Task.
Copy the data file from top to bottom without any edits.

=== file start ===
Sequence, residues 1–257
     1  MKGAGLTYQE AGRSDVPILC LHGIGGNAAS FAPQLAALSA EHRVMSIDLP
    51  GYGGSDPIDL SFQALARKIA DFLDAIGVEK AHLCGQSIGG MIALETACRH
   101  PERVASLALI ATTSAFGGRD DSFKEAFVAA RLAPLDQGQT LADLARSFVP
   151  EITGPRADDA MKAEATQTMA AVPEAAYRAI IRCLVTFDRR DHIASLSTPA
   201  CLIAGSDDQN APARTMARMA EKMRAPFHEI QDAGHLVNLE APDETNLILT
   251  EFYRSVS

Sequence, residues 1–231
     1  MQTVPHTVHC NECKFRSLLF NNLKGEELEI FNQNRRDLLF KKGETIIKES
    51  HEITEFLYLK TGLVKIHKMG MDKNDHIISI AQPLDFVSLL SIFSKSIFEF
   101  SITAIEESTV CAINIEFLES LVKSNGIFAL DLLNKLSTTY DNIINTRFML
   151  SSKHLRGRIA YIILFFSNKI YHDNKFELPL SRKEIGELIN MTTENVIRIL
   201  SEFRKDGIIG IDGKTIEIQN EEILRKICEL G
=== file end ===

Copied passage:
Sequence, residues 1–257
     1  MKGAGLTYQE AGRSDVPILC LHGIGGNAAS FAPQLAALSA EHRVMSIDLP
    51  GYGGSDPIDL SFQALARKIA DFLDAIGVEK AHLCGQSIGG MIALETACRH
   101  PERVASLALI ATTSAFGGRD DSFKEAFVAA RLAPLDQGQT LADLARSFVP
   151  EITGPRADDA MKAEATQTMA AVPEAAYRAI IRCLVTFDRR DHIASLSTPA
   201  CLIAGSDDQN APARTMARMA EKMRAPFHEI QDAGHLVNLE APDETNLILT
   251  EFYRSVS

Sequence, residues 1–231
     1  MQTVPHTVHC NECKFRSLLF NNLKGEELEI FNQNRRDLLF KKGETIIKES
    51  HEITEFLYLK TGLVKIHKMG MDKNDHIISI AQPLDFVSLL SIFSKSIFEF
   101  SITAIEESTV CAINIEFLES LVKSNGIFAL DLLNKLSTTY DNIINTRFML
   151  SSKHLRGRIA YIILFFSNKI YHDNKFELPL SRKEIGELIN MTTENVIRIL
   201  SEFRKDGIIG IDGKTIEIQN EEILRKICEL G